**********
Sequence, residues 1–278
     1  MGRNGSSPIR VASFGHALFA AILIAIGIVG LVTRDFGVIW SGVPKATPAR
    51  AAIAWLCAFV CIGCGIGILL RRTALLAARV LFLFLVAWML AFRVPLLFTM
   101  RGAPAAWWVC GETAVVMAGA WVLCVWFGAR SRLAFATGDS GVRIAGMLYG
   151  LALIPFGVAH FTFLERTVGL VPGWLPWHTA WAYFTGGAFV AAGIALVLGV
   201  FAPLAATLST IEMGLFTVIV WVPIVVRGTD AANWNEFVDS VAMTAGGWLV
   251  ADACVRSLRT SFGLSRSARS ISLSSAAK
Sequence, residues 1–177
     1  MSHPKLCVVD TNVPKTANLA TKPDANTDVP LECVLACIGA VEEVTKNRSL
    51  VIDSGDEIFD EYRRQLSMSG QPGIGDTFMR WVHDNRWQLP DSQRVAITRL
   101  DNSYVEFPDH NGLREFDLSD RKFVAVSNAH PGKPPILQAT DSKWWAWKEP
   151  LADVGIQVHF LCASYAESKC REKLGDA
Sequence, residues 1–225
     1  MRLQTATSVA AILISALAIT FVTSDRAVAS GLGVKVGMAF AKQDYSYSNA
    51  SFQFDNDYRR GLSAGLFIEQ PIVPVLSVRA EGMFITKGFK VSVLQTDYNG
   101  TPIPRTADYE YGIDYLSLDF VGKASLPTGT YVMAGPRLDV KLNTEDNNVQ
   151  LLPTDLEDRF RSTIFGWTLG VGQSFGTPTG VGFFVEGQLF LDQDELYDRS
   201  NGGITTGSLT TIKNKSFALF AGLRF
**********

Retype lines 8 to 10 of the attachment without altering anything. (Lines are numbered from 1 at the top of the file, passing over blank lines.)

Sequence, residues 1–177
     1  MSHPKLCVVD TNVPKTANLA TKPDANTDVP LECVLACIGA VEEVTKNRSL
    51  VIDSGDEIFD EYRRQLSMSG QPGIGDTFMR WVHDNRWQLP DSQRVAITRL